Mammograms are widely touted as an effective breast cancer screening tool. But some research and experts suggest that it could be causing more harm than good.
Here’s the truth – even if conventional oncology doesn’t want you to hear it – you can objectively determine your risk for cancer without the use of harmful radiation devices, like mammography.
The FDA published an article in "Journal Watch" on June 3, 2011 is full of information that is presumptive and incorrect and they have to know it.
Mammography has been the "gold standard" for detection of breast cancer, and with fears of breast cancer taking the forefront in many women’s minds today, the medical industry continues to push the use of mammography for prevention and early detection of this deadly disease. But we need to take a closer look at this concept.
Despite widely publicized claims to the contrary, thermography should not be used in place of mammography for breast cancer screening or diagnosis.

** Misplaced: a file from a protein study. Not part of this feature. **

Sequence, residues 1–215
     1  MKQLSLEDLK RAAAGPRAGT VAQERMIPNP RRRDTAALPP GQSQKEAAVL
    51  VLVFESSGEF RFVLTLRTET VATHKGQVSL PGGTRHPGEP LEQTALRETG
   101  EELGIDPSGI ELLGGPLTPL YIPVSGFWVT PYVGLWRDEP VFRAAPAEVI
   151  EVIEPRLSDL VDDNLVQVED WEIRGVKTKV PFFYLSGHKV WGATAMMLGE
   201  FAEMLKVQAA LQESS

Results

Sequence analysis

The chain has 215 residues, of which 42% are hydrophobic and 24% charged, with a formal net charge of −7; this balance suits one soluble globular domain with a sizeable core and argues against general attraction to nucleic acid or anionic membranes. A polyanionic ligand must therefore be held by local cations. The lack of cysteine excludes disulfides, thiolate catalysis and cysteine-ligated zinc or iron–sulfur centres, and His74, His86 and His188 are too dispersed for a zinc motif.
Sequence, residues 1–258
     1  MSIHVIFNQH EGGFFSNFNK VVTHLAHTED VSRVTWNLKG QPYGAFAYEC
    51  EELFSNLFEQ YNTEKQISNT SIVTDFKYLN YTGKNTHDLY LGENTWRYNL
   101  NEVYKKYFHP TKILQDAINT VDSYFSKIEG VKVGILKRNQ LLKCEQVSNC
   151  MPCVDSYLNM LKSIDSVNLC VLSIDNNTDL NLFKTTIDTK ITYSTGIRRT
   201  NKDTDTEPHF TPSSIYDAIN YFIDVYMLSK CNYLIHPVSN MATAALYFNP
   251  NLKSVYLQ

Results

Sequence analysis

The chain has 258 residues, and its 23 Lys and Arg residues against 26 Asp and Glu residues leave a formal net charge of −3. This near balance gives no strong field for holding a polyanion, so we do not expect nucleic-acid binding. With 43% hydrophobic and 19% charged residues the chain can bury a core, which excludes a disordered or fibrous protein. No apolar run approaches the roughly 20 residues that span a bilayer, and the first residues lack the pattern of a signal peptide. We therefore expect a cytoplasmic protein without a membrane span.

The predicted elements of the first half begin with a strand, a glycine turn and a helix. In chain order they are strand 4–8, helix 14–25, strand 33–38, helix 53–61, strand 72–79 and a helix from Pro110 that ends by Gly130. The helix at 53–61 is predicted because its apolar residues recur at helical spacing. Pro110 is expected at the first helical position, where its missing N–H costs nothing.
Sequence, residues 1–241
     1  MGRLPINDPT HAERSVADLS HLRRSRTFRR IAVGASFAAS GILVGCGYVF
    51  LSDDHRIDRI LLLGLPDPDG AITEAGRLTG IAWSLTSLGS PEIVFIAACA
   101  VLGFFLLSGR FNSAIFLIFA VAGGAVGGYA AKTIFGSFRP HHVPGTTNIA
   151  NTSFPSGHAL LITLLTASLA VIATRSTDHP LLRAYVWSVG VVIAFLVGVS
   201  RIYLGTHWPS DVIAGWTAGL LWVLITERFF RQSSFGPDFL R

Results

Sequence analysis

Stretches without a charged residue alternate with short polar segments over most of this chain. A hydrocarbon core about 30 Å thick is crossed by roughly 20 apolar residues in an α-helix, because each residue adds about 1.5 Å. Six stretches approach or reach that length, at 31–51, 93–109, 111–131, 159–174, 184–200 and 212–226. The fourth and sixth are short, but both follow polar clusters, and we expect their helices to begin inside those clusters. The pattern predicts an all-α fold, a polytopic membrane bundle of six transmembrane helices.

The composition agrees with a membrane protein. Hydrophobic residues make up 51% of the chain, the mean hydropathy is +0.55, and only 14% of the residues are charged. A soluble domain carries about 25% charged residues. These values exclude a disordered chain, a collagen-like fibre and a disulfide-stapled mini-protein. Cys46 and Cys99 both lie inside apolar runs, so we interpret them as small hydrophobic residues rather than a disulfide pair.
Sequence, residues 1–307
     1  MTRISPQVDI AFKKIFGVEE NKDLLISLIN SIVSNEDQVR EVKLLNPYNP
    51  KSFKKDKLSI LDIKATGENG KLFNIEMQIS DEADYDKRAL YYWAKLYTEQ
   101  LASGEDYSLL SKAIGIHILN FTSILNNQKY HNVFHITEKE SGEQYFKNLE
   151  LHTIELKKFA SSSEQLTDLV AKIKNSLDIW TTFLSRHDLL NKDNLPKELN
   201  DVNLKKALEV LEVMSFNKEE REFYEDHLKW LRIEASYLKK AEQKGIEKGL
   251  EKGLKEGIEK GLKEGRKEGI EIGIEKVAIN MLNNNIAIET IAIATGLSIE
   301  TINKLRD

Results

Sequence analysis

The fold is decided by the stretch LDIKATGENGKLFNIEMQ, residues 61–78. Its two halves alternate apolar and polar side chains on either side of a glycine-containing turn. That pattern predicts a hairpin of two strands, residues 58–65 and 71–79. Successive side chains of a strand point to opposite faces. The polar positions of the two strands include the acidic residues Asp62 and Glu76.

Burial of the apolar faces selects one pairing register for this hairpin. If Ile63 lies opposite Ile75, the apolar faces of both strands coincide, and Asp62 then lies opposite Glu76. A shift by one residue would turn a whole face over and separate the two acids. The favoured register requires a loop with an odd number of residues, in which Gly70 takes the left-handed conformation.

The Promise of Thermography: A guest article from the leading voice in women's holistic health by Christiane Northrup, M.D.
If you ask ten women, or men, if they are familiar with Breast Thermography, nine would say no.
William Cockburn, D.C., D.A.B.F.E., F.I.A.C.T
Breast cancer and other breast diseases have become a tremendous issue in women's health today, particularly in advanced industrialized nations. Also note that approximately 1,000 men get breast cancer yearly.
A procedure which has gone largely unnoticed is Breast Thermography, also known as Breast Thermal Imaging. Breast thermography promises the opportunity of earlier detection of breast disease than has been possible with breast self examination, physician palpation, or mammography.
Digital breast thermography, or Digital Infrared Thermal Imaging (DITI), is a noninvasive screening procedure that detects and records infrared heat emissions from the breast. The visual image, or thermogram, maps variations in skin temperature that may indicate underlying vascular, muscular and neural disease. DITI is especially useful for detecting early lesions before they otherwise become clinically evident. These changes could accompany cancer, fibrocystic breast disease, local injury, infections or vascular disease.